The Kid Laroi ★★★★
Qudos Bank Arena, May 26
It’s been a big week for kids from Sydney public housing.
The Kid Laroi performs at Qudos Bank Arena on May 26.Credit:Cameron Spencer/Getty Images
On Monday, one was sworn in as prime minister. Then last night The Kid Laroi, the 18 year-old otherwise known as Charlton Howard from Waterloo’s Drysdale block, proved himself a prime mover of pop in a homecoming show that was as tear-jerking as it was triumphal.
Befitting the world’s most popular purveyor of so-called “emo rap”, a few of those tears were shed by Laroi himself, hard as they were to see amid the sweat pouring off him and the bass drops hammering everybody’s skulls.
Sure he has 3 billion streams and a couple of US Top 10 singles to be happy about. But as the land council chief who introduced Laroi reminded us, this was National Sorry Day, and The Kid’s great-great-grandfather was a member of the Stolen Generation.
Selling out this stadium for two nights had also clearly overwhelmed Laroi. He told us that only three years ago, he thought he’d made it when 150 people came to see him play a room on Crown Street.
“I’ve had at least 500 people tell me they were there,” he said.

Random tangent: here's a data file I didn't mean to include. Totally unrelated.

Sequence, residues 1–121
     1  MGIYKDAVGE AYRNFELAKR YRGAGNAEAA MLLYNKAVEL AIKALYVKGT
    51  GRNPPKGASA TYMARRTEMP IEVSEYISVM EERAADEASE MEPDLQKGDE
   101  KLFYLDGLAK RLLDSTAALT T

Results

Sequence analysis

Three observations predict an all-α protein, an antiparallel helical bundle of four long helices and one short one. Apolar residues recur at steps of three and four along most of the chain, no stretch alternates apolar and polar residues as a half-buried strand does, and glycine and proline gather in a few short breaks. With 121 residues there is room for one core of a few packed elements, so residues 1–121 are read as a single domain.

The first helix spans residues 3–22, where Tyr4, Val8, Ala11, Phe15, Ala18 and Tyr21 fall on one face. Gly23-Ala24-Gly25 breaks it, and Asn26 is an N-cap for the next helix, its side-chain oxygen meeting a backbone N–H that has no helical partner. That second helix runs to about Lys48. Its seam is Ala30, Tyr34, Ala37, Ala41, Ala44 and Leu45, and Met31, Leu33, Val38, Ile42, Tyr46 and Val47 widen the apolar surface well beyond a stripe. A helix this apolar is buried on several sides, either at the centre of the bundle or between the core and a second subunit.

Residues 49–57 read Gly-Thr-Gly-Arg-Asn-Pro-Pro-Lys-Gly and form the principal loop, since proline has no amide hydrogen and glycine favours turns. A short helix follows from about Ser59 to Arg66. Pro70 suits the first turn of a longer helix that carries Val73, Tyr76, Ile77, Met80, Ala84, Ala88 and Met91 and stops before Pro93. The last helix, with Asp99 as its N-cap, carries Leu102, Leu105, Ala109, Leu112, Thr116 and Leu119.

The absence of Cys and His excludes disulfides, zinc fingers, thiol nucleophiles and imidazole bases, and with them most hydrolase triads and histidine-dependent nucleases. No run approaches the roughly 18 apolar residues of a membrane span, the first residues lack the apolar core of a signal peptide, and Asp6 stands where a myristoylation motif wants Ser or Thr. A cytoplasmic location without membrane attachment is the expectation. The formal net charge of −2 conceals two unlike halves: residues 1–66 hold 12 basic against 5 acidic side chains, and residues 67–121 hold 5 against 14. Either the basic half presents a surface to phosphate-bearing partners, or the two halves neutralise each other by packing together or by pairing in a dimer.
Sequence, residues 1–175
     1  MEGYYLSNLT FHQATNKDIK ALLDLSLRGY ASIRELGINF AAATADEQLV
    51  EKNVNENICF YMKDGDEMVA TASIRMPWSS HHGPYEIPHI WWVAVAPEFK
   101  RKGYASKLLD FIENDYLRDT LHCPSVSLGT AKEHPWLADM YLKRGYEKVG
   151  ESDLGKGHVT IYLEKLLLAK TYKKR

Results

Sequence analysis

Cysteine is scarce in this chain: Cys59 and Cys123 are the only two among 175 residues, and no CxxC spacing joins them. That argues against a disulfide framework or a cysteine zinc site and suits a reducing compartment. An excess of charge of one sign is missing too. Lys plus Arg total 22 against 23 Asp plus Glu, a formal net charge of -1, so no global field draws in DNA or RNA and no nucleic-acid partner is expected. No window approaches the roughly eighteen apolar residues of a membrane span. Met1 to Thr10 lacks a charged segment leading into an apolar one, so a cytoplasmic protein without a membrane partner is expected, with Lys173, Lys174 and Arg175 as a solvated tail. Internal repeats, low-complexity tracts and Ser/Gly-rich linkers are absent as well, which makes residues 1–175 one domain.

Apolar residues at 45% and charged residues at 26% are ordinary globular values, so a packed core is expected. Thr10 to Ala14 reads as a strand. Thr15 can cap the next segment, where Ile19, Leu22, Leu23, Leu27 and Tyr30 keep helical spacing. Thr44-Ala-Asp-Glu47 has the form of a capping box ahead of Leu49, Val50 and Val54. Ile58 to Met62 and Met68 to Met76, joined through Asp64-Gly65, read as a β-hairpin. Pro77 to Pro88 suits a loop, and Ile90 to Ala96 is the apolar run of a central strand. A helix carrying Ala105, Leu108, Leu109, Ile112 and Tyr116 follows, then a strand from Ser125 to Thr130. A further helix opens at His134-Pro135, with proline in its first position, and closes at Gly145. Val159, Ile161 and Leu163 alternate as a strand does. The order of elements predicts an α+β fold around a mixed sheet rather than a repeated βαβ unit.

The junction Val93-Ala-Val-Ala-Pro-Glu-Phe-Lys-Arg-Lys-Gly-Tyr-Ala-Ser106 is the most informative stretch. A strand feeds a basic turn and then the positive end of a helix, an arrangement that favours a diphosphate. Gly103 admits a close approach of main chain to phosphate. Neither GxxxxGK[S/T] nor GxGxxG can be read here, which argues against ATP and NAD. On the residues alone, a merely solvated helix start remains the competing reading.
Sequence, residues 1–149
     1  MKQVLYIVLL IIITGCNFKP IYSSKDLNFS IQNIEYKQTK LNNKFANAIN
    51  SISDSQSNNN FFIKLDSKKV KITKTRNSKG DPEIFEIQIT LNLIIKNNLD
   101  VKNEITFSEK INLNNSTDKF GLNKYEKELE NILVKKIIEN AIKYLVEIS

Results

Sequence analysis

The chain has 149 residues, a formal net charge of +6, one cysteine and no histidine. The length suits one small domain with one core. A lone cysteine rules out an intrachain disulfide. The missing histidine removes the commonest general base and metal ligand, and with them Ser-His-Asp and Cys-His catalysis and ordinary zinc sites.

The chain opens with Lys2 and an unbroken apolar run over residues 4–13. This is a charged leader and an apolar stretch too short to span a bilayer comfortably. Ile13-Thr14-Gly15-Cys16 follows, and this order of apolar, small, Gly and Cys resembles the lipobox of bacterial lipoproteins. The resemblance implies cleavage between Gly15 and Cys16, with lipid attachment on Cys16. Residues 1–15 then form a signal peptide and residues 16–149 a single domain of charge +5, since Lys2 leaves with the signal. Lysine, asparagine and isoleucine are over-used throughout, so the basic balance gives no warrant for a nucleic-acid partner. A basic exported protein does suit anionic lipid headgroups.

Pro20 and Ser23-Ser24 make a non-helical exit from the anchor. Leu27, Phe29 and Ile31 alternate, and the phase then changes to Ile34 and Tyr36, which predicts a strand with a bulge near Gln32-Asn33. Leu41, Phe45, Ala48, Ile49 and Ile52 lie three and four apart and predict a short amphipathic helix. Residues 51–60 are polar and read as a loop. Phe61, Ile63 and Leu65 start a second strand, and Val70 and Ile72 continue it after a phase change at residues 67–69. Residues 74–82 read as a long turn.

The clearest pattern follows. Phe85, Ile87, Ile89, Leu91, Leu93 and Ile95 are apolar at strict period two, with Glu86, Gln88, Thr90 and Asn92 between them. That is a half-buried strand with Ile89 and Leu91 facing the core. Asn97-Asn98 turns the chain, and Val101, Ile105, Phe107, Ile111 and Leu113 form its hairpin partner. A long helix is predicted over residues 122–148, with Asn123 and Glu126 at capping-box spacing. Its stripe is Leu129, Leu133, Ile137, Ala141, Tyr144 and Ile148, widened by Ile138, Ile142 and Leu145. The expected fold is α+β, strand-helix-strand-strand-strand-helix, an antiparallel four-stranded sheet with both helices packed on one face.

An emotional victory lap this show certainly was, but Laroi also made sure it was a party.
Most of his songs use a “trap” beat that is the product of laptops, so to entertain us for 90 minutes he had little more than a deejay-cum-hype-man, a set with a couple of staircases and some incongruous floral arrangements, and himself.
The Kid Laroi performs at Qudos Bank Arena.Credit:Cameron Spencer/Getty Images
This was mostly enough. Sure, there were no musical surprises if you already knew the songs, and judging by the volume of the singalongs, that was everybody here.
But The Kid had charisma in spades, with a knack for turning lyrics that are as self-obsessed as any teen into crowd-pleasing pop gems. The melodic and nihilistic influences of late mentor JUICE Wrld were obvious, but Laroi showed he could really sing too, giving us gut-wrenching takes on Lonely And Fucked Up and Without You.
It’s a shame Laroi didn’t take a chance with some freestyle rap, which he used to be known for around Waterloo, but his commitment at this show was otherwise total.
He even agreed to the moshpit’s demand that he skol a beer from one of the dress shoes he’d just bought in LA. The global phenomenon’s heart is still here.
The Kid Laroi plays a second show at Qudos Bank Arena tonight.
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